...really good idea or something really creative, it can go massively viral. It's really interesting of what that will, will unlock. So it's turn to one of the biggest forces in everybody's market, which is its customers and you between Zendesk and obviously hoot suite and probably long before that have focused on customers. The experience customers have, enabling and servicing them in the best way. You focused on customers for a very long time, what's changing and what they expect from their providers, their vendors and their partners and and what companies need to do to mobilize to meet those needs. Yeah, it's a tough one. Like we all like we all have massive expectations of every company we interact with, that they know us, that they're going to respond quickly to us, that they can answer our question quickly, that we don't really want to have to talk to them to get to our data. And it's all driven by whatever the best customer experiences are that you, you have, whatever that experience is, that's what you expect from everyone. And most companies are not thinking about it at that level. It's certainly dramatically improved in the last, you know decade. A lot of it driven by technology, A lot of it driven by companies embracing the idea that customer support is not a cost center, which, you know, my growing up in retail, customer support was a contact center over there and it was all cost center and it was, how do you most efficiently deal with the customer as opposed to customer service? Is a conversation with a customer that can go in many, many different ways and your customer service is fully empowered with all of the data to do whatever it takes just to make a happy customer, but to have a loyal customer and you know, in times of crisis, whatever your business is, in times of crisis, where you have that great experience is where you build the most loyalty. So it's not easy, there's a whole bunch of like, just fundamental...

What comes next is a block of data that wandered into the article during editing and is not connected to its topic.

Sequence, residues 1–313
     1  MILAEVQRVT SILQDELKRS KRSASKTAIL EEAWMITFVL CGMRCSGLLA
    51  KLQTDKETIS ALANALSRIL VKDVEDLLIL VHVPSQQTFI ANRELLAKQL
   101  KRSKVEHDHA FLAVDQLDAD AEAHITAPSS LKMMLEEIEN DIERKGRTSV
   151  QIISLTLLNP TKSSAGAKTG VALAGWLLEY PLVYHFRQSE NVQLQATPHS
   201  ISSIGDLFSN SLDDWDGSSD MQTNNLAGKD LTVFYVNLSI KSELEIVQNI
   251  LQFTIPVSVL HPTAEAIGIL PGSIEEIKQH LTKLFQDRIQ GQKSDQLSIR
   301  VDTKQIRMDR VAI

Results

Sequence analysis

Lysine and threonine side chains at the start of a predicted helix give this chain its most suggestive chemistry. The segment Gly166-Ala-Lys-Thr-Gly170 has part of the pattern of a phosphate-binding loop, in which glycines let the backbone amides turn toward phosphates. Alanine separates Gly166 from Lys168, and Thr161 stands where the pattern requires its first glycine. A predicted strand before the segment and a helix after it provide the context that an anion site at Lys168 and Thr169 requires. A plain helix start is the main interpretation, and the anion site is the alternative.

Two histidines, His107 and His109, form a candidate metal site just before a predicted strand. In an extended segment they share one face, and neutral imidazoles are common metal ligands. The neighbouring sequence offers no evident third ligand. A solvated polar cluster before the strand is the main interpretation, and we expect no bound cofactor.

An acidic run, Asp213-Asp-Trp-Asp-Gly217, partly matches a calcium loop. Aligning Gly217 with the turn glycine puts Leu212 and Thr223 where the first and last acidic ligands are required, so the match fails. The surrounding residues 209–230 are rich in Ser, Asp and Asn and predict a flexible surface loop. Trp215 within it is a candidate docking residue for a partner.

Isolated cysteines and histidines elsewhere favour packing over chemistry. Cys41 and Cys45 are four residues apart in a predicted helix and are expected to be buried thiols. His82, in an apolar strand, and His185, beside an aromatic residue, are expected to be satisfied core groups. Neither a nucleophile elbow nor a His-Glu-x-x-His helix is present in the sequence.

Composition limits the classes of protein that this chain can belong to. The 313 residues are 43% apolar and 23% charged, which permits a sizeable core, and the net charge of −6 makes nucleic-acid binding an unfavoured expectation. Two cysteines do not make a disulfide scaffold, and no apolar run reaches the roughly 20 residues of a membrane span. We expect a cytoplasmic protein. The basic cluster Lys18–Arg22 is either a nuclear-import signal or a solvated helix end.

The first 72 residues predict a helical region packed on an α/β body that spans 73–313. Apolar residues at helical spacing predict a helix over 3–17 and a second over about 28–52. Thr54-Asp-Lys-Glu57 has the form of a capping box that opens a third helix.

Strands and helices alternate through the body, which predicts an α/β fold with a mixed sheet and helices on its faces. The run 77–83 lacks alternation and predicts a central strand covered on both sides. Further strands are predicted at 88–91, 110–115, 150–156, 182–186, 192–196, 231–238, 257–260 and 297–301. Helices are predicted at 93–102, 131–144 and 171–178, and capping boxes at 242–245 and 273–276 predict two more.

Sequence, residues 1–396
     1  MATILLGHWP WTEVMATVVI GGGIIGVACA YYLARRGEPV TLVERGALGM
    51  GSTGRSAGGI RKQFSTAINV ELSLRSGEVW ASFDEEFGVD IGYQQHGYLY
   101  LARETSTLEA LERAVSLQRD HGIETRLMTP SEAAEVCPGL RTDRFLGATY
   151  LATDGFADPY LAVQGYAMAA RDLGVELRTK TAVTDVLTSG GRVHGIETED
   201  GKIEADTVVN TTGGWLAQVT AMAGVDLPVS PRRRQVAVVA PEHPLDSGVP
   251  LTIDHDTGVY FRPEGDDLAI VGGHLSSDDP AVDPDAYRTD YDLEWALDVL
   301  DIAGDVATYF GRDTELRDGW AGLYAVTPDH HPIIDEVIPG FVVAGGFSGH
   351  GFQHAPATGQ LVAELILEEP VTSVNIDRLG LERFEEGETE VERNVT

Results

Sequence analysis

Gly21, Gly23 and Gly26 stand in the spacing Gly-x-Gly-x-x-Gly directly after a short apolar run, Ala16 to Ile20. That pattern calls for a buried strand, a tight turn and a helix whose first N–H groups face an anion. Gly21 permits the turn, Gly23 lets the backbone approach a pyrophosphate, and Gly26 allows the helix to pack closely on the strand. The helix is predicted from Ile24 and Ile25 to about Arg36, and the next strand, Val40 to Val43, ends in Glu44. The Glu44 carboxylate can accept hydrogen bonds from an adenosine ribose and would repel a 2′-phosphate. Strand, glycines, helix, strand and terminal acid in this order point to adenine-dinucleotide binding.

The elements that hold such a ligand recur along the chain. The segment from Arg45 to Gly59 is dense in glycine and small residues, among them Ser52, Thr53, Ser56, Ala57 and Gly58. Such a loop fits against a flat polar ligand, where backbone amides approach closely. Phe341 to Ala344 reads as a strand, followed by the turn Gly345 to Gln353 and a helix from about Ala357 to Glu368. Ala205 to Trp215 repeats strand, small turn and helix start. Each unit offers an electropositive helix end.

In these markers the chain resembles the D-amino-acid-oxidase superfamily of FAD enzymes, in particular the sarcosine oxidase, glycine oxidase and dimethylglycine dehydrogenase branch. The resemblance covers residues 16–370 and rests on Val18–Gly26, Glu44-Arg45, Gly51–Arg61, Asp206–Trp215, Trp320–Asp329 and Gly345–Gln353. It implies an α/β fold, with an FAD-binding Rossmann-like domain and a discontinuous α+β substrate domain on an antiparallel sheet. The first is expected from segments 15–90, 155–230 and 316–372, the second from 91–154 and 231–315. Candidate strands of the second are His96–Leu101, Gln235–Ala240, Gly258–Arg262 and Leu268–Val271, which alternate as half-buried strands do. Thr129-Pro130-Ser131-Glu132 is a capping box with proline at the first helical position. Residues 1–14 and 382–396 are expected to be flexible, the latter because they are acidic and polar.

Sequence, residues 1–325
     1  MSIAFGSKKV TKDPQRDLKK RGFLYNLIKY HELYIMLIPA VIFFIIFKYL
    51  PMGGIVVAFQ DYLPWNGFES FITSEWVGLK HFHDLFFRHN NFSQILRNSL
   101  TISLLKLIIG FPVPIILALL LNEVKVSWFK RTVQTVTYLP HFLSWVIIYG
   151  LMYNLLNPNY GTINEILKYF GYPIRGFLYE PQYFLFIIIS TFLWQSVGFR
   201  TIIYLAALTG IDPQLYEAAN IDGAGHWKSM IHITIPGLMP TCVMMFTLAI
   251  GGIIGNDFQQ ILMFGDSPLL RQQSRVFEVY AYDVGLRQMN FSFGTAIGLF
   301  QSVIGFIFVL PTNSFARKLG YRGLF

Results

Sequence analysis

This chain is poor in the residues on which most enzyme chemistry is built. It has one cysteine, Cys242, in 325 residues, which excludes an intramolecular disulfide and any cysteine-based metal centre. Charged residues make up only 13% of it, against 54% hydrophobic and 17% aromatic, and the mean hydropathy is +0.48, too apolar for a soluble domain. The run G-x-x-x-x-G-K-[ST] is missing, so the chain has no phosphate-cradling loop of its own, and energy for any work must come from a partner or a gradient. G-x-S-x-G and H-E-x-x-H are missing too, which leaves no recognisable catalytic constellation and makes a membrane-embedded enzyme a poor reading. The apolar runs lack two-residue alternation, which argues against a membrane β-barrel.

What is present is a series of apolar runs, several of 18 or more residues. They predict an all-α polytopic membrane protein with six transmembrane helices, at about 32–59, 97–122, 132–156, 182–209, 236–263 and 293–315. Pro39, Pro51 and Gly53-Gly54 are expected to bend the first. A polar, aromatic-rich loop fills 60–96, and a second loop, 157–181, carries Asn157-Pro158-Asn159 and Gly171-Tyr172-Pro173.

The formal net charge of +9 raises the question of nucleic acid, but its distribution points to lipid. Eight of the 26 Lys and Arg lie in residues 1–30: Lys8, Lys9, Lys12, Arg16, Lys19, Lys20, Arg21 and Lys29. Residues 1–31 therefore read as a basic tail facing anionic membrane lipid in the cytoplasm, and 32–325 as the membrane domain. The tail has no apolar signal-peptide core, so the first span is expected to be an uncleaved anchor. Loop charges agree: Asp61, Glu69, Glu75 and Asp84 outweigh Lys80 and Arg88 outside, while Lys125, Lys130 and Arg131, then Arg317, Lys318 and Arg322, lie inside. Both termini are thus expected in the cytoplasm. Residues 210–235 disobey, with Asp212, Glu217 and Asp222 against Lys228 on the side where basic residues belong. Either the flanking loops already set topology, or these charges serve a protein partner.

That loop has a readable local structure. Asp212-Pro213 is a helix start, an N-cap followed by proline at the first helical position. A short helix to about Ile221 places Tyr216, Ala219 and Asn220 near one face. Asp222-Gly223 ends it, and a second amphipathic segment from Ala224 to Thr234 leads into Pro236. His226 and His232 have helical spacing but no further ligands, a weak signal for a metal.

...things that you have to do. But the key is somewhat what we were talking about with okay, are is that it's a never ending journey, your never ending, trying to take friction out for the customers so that they can accomplish what they want to accomplish and that you're widening the periphery of what support is, support, is marketing its product, it's sales, it's everything every you know, customers don't care what your work hard is. They want to be able to interact and navigate across that. So it creates a tremendous opportunity if you can use data well, as a company to turn conversations into commerce opportunities or loyalty opportunities to gather lots of information about your product and influence that Really, really hard requires an ongoing investment requires people that are constantly working on that, but it's exciting, different mindset too, right? Like if you, I think of, you know, the functional divisions between sales, marketing product as hard boundaries, then inevitably somebody decides who owns customer support. And then in that decision is who doesn't own it, right? And then in the end, as you point out, the customer really don't care what borders you do around your people, right? They care really about their experience, fundamentally. Digital changes so much right now. I mean grandma orders cat food on her phone, right? Everybody's digital native. And I think that's pushing customer experience and customer expectations too, a completely different edge. And then of course, if I don't like the service, I'll use social media, just say that I don't write well and it means that everyone's gonna be out listening on social media as well. And traditionally that's been the marketing organization or a subset of the marketing organization, the social media organization that's doing the listening. But frequently what's coming at them is a product complaint, a bad experience. Airlines lead the way of people trapped here there everywhere, looking for support and just shouting until someone answers, which is...